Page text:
options have been specified, determine if they are conflicting and if so 
cause some kind of new fault (?conflicting options??) to occur. 
Mode allows a way to ?select? from among a set of conflicting alternatives 
easily. 
  
--Geoff 
  
From: Gilbert Pilz [mailto:gilbert.pilz@oracle.com] 
Sent: Thursday, May 14, 2009 12:10 PM
To: Geoff Bullen
Cc: Doug Davis; public-ws-resource-access@w3.org
Subject: Re: [issue 6432] - a modest proposal 
  
Comments inline . . .

On 5/13/2009 2:46 PM, Geoff Bullen wrote: 
Gil, 
So what would this mean: 
  
Example 1) 
Header]
<som:UseBlue mustUnderstand="1"/> 
<som:UseRed mustUnderstand="1"/>

[Body]
<wse:Subscribe>
 <wse:NotifyTo>{some EPR}</wse:NotifyTo>
 <som:Blue/> 
  <som:Red/>
</wse:Subscribe> 
It depends upon the semantics defined by the authors of the Red and Blue 
extensions. By your definition below ("The event source has only validated 
(via interop testing) two possible combinations: A,B,C and A,B,D") the 
above would be an invalid request.

And is the above different to: 
Example 2) 
Header]
<som:UseBlue mustUnderstand="1"/> 
<som:UseRed mustUnderstand="1"/>

[Body]
<wse:Subscribe>
 <wse:NotifyTo>{some EPR}</wse:NotifyTo>
</wse:Subscribe> 
Again it depends upon how the extension authors defined these extensions. 
If the extension is indicated solely by the presence of som:Blue or 
som:Red in the Subscribe request, then the above request is different in 
that it has not been extended. I would note that the creator of this 
request is being foolish in that they are indicating that the receiver 
must understand two extensions, neither of which are are actually needed 
to process the request.

- gp



Thanks, 
Geoff 
  
From: public-ws-resource-access-request@w3.org [
mailto:public-ws-resource-access-request@w3.org] On Behalf Of Gilbert Pilz
Sent: Tuesday, May 12, 2009 4:32 PM
To: Geoff Bullen
Cc: Doug Davis; public-ws-resource-access@w3.org
Subject: Re: [issue 6432] - a modest proposal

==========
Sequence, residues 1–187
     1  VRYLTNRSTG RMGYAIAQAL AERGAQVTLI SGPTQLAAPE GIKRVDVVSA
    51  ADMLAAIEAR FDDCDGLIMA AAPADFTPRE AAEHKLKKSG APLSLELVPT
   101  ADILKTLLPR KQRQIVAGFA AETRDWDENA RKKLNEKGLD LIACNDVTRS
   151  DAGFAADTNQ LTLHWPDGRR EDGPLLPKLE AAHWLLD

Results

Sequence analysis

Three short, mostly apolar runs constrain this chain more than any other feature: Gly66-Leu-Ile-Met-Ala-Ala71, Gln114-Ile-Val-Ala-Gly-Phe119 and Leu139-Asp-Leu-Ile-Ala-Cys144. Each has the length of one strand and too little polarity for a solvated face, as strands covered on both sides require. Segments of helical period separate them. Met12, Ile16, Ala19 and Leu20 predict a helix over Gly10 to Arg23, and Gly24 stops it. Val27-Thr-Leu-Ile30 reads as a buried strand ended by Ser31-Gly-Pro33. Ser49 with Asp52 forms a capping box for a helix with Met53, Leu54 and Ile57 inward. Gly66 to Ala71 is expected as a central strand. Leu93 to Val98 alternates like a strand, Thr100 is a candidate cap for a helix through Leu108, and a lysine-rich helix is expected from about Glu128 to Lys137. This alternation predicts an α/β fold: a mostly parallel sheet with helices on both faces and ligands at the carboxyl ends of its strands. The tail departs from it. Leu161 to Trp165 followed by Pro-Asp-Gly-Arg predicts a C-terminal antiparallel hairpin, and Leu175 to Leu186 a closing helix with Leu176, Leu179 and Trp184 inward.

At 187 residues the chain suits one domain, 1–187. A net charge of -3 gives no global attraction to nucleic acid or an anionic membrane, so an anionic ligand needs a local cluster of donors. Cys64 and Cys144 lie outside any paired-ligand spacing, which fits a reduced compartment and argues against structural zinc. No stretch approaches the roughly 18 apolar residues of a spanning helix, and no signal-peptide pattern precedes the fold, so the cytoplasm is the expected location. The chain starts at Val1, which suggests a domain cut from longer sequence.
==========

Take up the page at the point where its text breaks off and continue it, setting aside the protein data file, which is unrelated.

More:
Geoff,

Not at all. The equivalent w/out mode would be:

[Header]
<som:UseBlue mustUnderstand="1"/>

[Body]
<wse:Subscribe>
 <wse:NotifyTo>{some EPR}</wse:NotifyTo>
 <som:Blue/>
</wse:Subscribe>

There's no reason why my extensions have to be atomic while your 
extensions get to be collections. That's an orthogonal consideration that 
has nothing to do with the use or non-use of Mode.

- gp

On 5/12/2009 4:13 PM, Geoff Bullen wrote: 
Gil, 
It is not just a simple case of comparing XML, but let?s start here? 
  
Using the RED/BLUE example discussed below? 
  
Using mode, we send: 
  
[Body] 
<Subscribe> 
  <Delivery mode=??/BLUE?> 
    <NotifyTo>  ? </NotifyTo> 
  </Delivery> 
</Subscribe> 
  
The equivalent without mode would be: 
  
[Header] 
<UseA mustUnderstand="1"/> 
<UseB mustUnderstand="1"/> 
<UseD mustUnderstand="1"/> 
  
[Body] 
<Subscribe> 
  <NotifyTo>  ? </NotifyTo> 
  <A /> 
  <B /> 
  <D /> 
</Subscribe> 
  
Maybe some of the A, B, D elements are actually inside the NotifyTo EPR, 
but it does not matter for this discussion. 
  
--Geoff 
  
  
From: Gilbert Pilz [mailto:gilbert.pilz@oracle.com] 
Sent: Tuesday, May 12, 2009 1:08 PM
To: Geoff Bullen
Cc: Doug Davis; public-ws-resource-access@w3.org
Subject: Re: [issue 6432] - a modest proposal 
  
Geoff,

As I said before, please show me a specific message (in XML) using Mode. I 
will show you the same message without Mode. We can then compare and 
contrast.

- gp

On 5/12/2009 9:57 AM, Geoff Bullen wrote: 
Thanks Gil, 
  
Based on the information below, let us look at the following example: 
  
The event source has implemented four different extensibility points A, B, 
C, D. 
The event source has only validated (via interop testing) two possible 
combinations: A,B,C and A,B,D. 
These are the only two combinations supported by the event source. 
  
If mode is used, one can easily create two modes RED = A,B,C and BLUE = 
A,B,D and the client can simply send this mode, along with any required 
information, to the event source for processing. 
  
Without mode, there are a number of interesting situations: 
What if the client does not send mU headers and sends elements A,B,C,D? ( 
Can you ignore some of them?) 
What if the client does send mU headers and sends elements A,B,C,D?  (Does 
must understand = must use?) 
What if B required no information to be sent from the client to the event 
source (only the fact that the client wants to use B)?  Does that mean you 
would have to create an empty element B, just to send something?  Or use 
an mU header?  Using mode, both RED and BLUE infer B, no need to send an 
empty element at all. 
The event source, without mode, now seems to have a much more complicated 
task of trying to figure out if the client wants RED, BLUE or if it?s a 
fault situation ? illegal combination?  For example, without mode, the 
combination A,B would have to be seen as illegal.  With mode = RED, the 
event server could use the default values for C and proceed. 
Without mode, would the combination B,C be legal or illegal? 
Think of the documentation that the event source will generate in order 
for the client to understand what is supported.  It will almost certainly 
talk about RED mode and BLUE mode and point out what is required to